“With great power the apostles gave their testimony to the resurrection of the Lord Jesus,
and great grace was upon them all.” Acts 4.33
Every month The Lutheran print a series of obituaries in the back pages of its edition. These aren’t the type of obituaries you see in the newspaper: they are simply names and dates of those clergy who have died, followed by a list of the parishes they served during their careers as ordained ministers.
I’m not a person who usually reads the obituaries in the local paper or the state editions of the larger papers, unless something in the headlines catches my eye as I flip through. But I do peruse these obituaries, for several reasons. First, I’ve been involved in the professional side of the church long enough that some of the retired pastors I knew years ago are dying. Second, I’m curious about where some of the clergy I don’t know have served in their years in the parish. Finally, I think about myself and how someday I’ll be one of those names listed, concisely covering the breadth of the ministry I hope to accomplish while I’m able.
I also receive the ELCA news via email. Occasionally that news service will send out an extended obituary if a Lutheran of considerable note dies. Usually this is someone who has served as a bishop, as a beloved teacher of the church, or a person of other noteworthy accomplishments. This obituary is much different than that which is printed in The Lutheran. ELCA News obituaries generally include descriptions of the person’s life, quotes from friends and family members, and information on funeral services and the location of the burial.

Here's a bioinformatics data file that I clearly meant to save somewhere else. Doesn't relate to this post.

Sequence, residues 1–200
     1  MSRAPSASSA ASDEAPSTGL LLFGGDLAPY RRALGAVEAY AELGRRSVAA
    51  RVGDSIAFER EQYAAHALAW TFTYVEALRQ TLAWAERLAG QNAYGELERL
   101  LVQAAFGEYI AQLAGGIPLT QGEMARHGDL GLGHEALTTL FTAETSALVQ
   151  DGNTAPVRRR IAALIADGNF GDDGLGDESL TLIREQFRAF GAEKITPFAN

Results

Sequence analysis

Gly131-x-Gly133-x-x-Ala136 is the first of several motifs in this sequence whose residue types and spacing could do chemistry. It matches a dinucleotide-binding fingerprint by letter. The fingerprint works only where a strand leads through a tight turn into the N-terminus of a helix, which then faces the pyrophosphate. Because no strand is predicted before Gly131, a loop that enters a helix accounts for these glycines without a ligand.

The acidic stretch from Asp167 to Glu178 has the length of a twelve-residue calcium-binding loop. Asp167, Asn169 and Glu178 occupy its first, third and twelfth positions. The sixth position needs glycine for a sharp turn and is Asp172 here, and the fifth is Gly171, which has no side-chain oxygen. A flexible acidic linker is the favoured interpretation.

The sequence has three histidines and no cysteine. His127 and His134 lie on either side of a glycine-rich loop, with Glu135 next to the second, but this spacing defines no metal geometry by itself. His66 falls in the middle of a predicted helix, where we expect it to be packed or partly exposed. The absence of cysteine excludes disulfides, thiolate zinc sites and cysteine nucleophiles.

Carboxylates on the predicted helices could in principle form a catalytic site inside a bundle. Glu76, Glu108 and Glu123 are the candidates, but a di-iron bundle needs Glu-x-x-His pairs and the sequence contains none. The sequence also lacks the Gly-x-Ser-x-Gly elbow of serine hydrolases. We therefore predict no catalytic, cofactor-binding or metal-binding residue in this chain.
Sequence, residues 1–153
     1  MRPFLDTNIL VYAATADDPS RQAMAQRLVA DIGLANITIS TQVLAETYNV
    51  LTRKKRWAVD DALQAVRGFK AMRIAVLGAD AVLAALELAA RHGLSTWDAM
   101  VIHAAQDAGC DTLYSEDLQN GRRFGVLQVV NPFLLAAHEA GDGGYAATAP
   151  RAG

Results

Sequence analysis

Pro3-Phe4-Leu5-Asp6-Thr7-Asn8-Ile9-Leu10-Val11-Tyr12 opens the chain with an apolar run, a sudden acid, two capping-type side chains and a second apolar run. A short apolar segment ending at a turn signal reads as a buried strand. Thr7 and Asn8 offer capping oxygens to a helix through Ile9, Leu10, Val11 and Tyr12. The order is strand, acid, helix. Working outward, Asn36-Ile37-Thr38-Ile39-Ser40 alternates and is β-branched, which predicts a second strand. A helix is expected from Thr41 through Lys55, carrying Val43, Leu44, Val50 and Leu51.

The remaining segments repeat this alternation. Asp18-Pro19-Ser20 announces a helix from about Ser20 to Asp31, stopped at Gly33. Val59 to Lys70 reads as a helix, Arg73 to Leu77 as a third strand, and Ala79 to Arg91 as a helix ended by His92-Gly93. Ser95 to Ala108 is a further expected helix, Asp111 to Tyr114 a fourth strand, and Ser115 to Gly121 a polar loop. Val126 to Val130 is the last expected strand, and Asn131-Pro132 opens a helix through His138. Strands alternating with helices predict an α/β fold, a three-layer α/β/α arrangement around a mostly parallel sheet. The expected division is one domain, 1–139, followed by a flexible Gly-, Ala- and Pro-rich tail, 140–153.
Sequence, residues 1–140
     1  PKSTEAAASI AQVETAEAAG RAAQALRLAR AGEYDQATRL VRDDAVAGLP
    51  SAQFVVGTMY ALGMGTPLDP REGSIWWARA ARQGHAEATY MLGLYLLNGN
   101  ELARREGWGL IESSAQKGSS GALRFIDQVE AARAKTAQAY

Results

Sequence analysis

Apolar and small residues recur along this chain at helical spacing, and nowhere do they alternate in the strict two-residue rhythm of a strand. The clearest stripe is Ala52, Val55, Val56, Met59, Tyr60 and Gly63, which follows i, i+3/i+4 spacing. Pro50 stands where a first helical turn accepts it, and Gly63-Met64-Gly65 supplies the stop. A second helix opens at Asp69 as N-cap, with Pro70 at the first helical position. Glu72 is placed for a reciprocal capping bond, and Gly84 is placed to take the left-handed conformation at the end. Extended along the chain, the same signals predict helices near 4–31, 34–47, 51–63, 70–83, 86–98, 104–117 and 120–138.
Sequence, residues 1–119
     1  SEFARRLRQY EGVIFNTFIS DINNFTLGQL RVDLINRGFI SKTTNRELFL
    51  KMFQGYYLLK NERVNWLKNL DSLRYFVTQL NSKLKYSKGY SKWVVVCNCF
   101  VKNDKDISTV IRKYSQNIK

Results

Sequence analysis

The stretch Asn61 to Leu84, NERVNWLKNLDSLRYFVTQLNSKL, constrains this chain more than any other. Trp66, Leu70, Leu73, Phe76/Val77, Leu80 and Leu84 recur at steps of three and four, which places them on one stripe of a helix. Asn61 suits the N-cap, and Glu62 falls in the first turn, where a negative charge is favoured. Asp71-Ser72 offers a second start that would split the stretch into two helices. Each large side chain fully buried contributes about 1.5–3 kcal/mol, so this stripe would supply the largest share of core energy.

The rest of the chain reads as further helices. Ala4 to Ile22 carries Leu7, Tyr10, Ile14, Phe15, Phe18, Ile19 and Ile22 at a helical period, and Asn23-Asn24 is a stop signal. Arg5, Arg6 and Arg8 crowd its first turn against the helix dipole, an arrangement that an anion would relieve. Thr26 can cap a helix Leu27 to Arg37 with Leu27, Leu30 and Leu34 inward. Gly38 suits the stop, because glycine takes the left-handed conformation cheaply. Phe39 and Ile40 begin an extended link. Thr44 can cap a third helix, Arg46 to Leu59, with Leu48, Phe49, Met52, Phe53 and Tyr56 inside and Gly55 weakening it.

I’m of two minds regarding these obituaries. It’s a humbling thought, looking at those lists in The Lutheran, to think that someday the work I do will be reduced to such a short entry. At the same time, is it too prideful to hope that God might accomplish things through my ministry that would warrant a much more detailed obituary? Probably it is, and yet, I shudder to think that thirty-odd years of ministry, should I be so lucky, could be condensed into a paragraph in the back of a denominational magazine.
But then I remember that when I think of those who’ve built my faith and have now gone before me into the sleep of death, I don’t think in condensed terms. In my mind and soul, the obituaries of those persons are full and detailed. Pastor Robert Johnson was a kind, gentle man who made a young man feel welcome in a big church of big people. Dr. Richard Wallace taught me how to handle classroom interruptions with grace, and to preach with weight and clarity. Dr. Gerhard Forde taught me to treasure God’s grace as a gift of freedom, to live justified without guilt and to never, ever allow myself to think that discussing hypothetical minutiae was ministry. These people and many more proclaimed Jesus’ resurrection with great grace, and I will never forget their witness.
Likewise, I must remind myself that, contrary to what I sometimes think, magazines and emails are the temporary memorials. What lasts is the impact we have on people, those around us who are called by the same Holy Spirit to witness to the same resurrection. No obituary could ever describe the impact you and I have on our families, our friends and the world around us. Where we have proclaimed the resurrection of Jesus with clarity and power, we will be remembered – and that proclamation comes through many acts of kindness and grace in the course of a human life. Every day is an opportunity to give such testimony, and no matter what the obituary may describe, what lives in the memories of those we’ve touched is the eternal gift of grace which God gives. Your life cannot be summarized so neatly, but it can be remembered; may your testimony and the great grace of God be with you all.